Therefore, it is our recommendation to proceed with your RY2020 plans and do not plan on making any modifications to your QPP behavior. Expect that while CMS will make changes, if you continue on the “there’s no change” path you will likely exceed their modified rules whenever they are released.

When CMS does release their changes, we will be here to post an update and provide education to help you understand and best navigate the rules.

Let’s Talk About How We Utilize the Department of Insurance

As the payer market in Georgia has consolidated through mergers/acquisitions; one of their key goals was increased efficiencies that they could leverage through size. Unfortunately, their provider partners have seen the exact opposite: consolidation has taken significant power out of the local state markets and placed it into national warehouses; whether that is claims appeals/provider loads and credentialing/etc. This national consolidation has slowed payer response and accountability to resolve issues.

Newly elected Insurance Commissioner Jim Beck recognizes that payers need increased accountability in Georgia and has, therefore, convened a stakeholders committee representing providers around the state; to identify the top four issues facing providers for the Insurance Commissioner to address with payer.

One of those key issues is provider credentialing and the typically slow processing of network loads; which is a statewide issue and a key focus of the complaints that they receive. It is evident that the payers in the state are not sufficiently meetings the challenges of provider credentialing.

Despite the universality of this issue, Commissioner Beck’s team shared that less than 10% of the overall complaints that their office receives are from physicians/hospitals. The DOI is simply not hearing from enough providers in this state to hold payers accountable to provider issues; in fact, medical complaints still represent the smallest percentage of insurance complaints received. Thus, the lack of complaints fails to trigger the additional scrutiny available from the DOI over payer activity.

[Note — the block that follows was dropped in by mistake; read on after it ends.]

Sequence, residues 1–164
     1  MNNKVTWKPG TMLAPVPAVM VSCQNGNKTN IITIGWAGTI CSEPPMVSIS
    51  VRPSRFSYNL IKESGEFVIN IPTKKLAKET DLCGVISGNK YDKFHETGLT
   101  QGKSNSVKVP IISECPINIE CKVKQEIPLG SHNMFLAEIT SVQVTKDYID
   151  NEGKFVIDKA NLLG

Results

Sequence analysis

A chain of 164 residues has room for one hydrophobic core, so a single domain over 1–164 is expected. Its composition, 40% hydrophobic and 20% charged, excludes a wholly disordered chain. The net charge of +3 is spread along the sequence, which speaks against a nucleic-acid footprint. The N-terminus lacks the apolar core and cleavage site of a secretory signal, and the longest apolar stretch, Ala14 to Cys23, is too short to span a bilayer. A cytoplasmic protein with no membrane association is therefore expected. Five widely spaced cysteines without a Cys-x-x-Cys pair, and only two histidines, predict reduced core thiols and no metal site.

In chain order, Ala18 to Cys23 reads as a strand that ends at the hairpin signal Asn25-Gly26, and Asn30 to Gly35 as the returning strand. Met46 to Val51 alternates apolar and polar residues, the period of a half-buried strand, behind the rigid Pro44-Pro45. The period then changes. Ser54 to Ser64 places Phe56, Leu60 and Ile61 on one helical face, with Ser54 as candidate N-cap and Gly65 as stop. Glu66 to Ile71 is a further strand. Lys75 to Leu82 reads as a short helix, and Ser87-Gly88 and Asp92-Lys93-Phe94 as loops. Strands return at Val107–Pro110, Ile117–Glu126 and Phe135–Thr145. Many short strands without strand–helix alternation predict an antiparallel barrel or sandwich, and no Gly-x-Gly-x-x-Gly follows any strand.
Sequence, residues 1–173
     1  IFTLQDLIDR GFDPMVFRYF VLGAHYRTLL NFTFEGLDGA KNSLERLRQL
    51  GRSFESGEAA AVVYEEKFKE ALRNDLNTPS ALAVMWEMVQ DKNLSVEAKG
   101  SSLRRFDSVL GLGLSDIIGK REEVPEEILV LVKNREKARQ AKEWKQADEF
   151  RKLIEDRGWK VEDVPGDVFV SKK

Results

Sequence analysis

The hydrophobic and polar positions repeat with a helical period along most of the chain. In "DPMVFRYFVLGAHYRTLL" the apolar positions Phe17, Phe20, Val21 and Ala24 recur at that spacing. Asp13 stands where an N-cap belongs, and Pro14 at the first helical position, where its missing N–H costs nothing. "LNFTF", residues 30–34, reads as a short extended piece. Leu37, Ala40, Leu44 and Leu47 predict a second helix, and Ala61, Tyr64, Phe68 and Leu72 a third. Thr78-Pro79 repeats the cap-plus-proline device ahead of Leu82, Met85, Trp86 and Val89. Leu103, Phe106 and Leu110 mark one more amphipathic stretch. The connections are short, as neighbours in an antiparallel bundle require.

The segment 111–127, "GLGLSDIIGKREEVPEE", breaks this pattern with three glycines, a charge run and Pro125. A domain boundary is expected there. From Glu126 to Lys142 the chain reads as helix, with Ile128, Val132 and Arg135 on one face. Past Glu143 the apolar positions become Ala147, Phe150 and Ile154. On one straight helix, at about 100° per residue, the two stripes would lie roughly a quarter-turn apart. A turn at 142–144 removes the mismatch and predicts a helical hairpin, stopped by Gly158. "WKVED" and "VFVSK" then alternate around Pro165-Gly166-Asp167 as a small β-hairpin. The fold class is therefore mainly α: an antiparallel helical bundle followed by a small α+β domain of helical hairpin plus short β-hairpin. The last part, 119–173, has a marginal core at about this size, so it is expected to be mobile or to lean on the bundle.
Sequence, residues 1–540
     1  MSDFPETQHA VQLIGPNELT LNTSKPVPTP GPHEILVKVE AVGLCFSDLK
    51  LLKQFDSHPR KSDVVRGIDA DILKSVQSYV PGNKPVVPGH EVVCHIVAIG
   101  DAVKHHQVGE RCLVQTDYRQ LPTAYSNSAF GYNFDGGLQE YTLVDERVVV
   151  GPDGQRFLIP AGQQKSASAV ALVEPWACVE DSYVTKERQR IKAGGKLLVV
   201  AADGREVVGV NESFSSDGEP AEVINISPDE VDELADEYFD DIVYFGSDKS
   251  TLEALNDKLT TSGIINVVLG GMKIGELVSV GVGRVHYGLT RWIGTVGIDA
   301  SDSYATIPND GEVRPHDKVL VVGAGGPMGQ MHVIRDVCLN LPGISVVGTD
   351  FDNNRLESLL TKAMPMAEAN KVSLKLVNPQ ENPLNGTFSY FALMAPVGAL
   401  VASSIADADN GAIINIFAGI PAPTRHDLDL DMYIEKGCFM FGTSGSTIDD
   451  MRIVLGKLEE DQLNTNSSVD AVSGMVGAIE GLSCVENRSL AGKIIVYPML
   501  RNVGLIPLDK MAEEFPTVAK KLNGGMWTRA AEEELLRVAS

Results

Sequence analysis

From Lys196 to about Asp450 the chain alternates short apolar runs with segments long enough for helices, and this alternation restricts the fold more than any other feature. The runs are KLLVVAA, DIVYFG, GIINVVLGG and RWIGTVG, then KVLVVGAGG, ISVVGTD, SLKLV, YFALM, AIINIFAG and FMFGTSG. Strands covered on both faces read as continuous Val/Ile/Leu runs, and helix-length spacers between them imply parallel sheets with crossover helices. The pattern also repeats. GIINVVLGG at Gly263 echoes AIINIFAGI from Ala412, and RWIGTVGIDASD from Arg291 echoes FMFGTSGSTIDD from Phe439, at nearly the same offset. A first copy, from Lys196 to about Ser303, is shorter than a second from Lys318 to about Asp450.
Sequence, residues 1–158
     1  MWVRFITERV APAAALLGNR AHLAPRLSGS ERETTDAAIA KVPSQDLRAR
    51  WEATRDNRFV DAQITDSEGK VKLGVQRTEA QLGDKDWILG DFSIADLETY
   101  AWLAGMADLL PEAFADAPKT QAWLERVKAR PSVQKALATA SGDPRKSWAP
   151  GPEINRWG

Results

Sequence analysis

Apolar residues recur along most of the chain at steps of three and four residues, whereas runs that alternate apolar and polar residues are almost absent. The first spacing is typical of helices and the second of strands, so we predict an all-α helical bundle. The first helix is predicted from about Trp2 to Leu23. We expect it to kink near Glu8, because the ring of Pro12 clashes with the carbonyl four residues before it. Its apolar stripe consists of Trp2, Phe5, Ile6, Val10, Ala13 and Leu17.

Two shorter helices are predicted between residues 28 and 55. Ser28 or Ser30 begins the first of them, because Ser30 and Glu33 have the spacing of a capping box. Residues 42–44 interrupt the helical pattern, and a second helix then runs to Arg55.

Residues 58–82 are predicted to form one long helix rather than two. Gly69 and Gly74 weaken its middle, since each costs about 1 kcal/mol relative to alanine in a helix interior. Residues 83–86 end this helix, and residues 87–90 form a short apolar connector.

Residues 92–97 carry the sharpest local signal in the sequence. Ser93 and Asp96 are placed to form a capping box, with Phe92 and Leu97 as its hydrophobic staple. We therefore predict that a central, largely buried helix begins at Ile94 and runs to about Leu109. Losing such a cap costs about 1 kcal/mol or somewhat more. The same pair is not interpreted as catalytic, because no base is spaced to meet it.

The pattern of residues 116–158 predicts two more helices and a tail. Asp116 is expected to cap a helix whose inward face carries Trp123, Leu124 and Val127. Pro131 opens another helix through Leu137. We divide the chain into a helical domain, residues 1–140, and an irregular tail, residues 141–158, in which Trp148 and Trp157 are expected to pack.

The DOI’s resources are going to be devoted to the bulk of complaints that they received; therefore, SHP encourages our providers to ensure that they are utilizing the Department of Insurance complaint process. By appropriately reporting the myriad of payer issues, we believe that Commissioner Beck’s team will have a clearer picture of ongoing payer issues, thus direct their resources more actively in our assistance.

The DOI link is listed below in order to submit a Provider Complaint; including using the portal for electronic submission to DOI.

https://www.oci.ga.gov/Resources/Forms/AllForms/GID-CS-CF-1.pdf

Top 10 Healthcare Headlines from 2018

From mergers and vertical integrations to changes in quality reporting and technology, Healthcare in America continues to evolve with an eye on access, quality, and efficiency. Here is a look back at some of the major headlines of 2018.

 

Amazon made another bold move into healthcare that went relatively unnoticed
Published by Healthcare Finance News

“Amazon expanded into the Medicaid market by announcing that it will offer beneficiaries a Prime membership of $5.99 a month, a discount of 54 percent. And while that revelation last week may not have raised quite as many eyebrows as the company’s blockbuster partnership with Berkshire Hathaway and JPMorgan Chase it holds the potential to have a major impact sooner.”

Click here to see the full article.

 

CMS Administrator Seema Verma calls for an end to physician fax machines by 2020
Published by Healthcare Finance News

“The Office of the National Coordinator for Health Information Technology and the Centers for Medicare and Medicaid Services are working together to realize a shared vision for a health ecosystem that sees the free flow of information between patient, provider and payer.”

Click here to view the full article.

 

Electronic Health Records Associated With Lower Hospital Mortality After Systems Have Time To Mature
Published by Health Affairs